Yet another striping masterpiece done by following a few simple rules.
We asked a few hotshots of the pinstriping realm to give us some of their top suggestions for stripers who are just starting out.
Franco is a cornerstone of the Kustom Kulture scene, and as a youngin', striped beside both Von Dutch and Big Daddy Roth. He has made a living doing both pinstriping and painting his whole adult life.
You're going to know if you have what it takes to pinstripe within 15 minutes of trying to do it.
Practice straight lines and circles for hours on a slick surface before moving onto anything trickier.
Hold your breath as you stripe. It will create steadier lines.
Practice on how to properly load your brush with paint. This is one of the most important things you can to do when learning.
This self-taught paint layer hit the top of the pinstriping ranks before he was even of legal age. He has floored bikers, car buffs, and veteran stripers with his contemporary style and fearless interpretations of classic designs.
Part of your practice should be sketching out ideas. Filling sketchbooks with your ideas will also show your design progression.
Tight turns and curves when you are beginning are especially difficult so you will have to work up to those before they are perfected.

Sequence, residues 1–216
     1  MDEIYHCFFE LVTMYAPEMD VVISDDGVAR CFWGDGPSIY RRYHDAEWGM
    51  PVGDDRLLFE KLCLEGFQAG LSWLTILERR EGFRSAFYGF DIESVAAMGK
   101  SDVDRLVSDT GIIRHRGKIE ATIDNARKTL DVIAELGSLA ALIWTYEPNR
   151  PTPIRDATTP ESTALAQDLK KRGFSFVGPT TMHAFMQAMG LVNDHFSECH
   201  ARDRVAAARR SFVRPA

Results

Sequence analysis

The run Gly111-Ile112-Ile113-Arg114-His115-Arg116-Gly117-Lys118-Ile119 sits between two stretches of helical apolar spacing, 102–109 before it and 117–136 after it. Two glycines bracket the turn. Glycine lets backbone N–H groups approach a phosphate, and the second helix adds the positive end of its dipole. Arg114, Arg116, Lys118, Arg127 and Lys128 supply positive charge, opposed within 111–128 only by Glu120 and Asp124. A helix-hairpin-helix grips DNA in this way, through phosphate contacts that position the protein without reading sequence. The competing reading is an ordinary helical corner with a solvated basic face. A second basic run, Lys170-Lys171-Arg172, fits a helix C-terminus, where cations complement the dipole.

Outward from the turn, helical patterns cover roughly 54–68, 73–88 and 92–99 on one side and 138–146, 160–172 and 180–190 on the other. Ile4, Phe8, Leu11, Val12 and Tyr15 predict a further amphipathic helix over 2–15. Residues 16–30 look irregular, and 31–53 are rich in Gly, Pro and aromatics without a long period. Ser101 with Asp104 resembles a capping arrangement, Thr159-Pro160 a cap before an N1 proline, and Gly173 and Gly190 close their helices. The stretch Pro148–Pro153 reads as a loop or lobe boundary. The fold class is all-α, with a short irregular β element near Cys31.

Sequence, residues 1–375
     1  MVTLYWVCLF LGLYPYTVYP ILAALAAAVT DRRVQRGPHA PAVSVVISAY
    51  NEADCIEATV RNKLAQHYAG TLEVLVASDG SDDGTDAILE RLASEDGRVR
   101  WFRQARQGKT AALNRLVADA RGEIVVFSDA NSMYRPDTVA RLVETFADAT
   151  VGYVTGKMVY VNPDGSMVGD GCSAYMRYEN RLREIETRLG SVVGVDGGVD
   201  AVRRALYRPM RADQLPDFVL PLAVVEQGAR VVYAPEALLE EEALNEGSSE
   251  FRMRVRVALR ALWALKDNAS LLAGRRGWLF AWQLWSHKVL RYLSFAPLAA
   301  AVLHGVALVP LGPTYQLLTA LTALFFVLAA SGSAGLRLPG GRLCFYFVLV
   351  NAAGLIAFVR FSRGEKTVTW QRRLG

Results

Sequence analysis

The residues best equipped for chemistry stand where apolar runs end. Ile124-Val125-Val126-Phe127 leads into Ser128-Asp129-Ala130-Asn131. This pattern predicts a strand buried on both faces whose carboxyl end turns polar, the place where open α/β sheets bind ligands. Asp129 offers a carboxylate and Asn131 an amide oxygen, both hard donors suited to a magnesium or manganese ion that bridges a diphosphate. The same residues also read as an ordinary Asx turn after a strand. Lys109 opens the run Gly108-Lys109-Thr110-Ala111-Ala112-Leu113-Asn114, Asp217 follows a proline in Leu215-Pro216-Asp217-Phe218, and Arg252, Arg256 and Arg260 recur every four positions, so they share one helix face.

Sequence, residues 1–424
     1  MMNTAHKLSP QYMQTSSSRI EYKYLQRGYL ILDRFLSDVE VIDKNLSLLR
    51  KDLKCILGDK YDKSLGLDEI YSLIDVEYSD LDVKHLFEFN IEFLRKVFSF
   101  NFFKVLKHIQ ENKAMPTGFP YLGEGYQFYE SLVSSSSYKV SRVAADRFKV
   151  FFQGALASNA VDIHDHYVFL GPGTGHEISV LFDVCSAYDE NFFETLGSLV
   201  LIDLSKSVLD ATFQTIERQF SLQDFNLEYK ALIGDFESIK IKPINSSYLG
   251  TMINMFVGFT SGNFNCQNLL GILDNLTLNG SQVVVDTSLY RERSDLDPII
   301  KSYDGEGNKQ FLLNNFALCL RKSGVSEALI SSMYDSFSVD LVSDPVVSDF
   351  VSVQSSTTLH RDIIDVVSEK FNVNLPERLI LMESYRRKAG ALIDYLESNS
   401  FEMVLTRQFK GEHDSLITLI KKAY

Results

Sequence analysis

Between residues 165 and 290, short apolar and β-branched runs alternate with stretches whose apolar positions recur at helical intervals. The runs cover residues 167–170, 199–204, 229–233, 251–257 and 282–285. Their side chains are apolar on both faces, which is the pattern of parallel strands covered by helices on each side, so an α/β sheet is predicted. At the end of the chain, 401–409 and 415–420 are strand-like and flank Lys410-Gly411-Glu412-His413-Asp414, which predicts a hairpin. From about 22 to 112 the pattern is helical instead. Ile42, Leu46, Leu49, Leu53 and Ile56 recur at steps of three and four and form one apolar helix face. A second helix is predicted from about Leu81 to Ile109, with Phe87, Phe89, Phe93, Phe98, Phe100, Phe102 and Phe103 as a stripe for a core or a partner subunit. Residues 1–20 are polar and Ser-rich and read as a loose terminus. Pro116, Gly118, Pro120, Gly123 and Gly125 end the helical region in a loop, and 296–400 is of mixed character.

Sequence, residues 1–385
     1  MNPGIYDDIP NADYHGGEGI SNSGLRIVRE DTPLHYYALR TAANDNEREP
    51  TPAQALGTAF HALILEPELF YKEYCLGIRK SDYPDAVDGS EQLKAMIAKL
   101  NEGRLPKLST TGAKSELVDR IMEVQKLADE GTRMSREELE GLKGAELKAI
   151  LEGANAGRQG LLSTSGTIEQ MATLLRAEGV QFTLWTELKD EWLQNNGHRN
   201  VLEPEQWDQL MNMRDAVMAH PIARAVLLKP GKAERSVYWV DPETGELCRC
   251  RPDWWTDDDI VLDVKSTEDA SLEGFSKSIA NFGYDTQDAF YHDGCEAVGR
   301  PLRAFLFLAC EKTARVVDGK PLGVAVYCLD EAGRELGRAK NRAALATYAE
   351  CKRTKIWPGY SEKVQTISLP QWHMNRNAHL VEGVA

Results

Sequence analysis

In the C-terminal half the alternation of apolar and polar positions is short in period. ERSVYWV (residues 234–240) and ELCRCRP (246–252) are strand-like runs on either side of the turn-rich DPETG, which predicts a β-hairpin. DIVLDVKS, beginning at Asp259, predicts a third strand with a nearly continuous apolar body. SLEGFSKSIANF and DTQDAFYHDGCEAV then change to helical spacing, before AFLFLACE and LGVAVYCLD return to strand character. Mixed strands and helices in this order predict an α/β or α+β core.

Plan accordingly. The object, be it gas tank, toilet seat, or whatever, needs to be complemented by the pinstriping. Think about how your designs will best benefit the shape and look of the object you are to be painting.
Connect your corners without overlap. The biggest sin, besides throwing symmetry to the wind, is not connecting your corners. It shows laziness.
Owning and operating Anderson design studio in Nashville, Tennessee, for more than 40 years, Anderson is a legendary motorcycle painter who knows a thing or two about pinstripng.
Try a few brushes to see what works best for you. Some work better at long line work than others. Some do better with design work and outlines. Brushes often need to be trimmed. Sometimes just a slight amount off the tip will do the trick.
After loading the brush with paint, dip it in your reducer, then palette the brush again on a piece of slick paper. I like the coated magazine pages to palette the brush.
When you are in the act of striping, you are looking for a slight drag to the brush with the paint loaded on it. As you gain experience, this process will become easier to control and you then can pull longer lines.
Don't be afraid to pre-draw your designs and use them as patterns. Even us pros still do this!
Pulling the first line will tell you a lot about what needs to be done with the amount of paint loaded and the physical pressure it takes to make a line. Practicing on glass is best due to its slickness and ease of reuse.
Pulling the first line will tell you a lot about what needs to be done with the amoun
To produce a good curved line, you will have to pivot on one of your base fingers to make it happen. You'll also need to swing your elbow as the line curves. Some stripers even move their whole body in unison to accomplish tricky curves.
To produce a good curved line, you will have to pivot on one of your base fingers to
Many stripers, such as Harpoon, use a two-handed technique where one hand steadies the other. Practice makes perfect. Stripe everything you can get your hands on.
Many stripers, such as Harpoon, use a two-handed technique where one hand steadies th
Man Hours: As many as you can fit in a day
Difficulty: Intermediate to advanced
Aftermarket Parts Used: Brush, paint, mineral spirits, glass panel
Total Cost: $127.85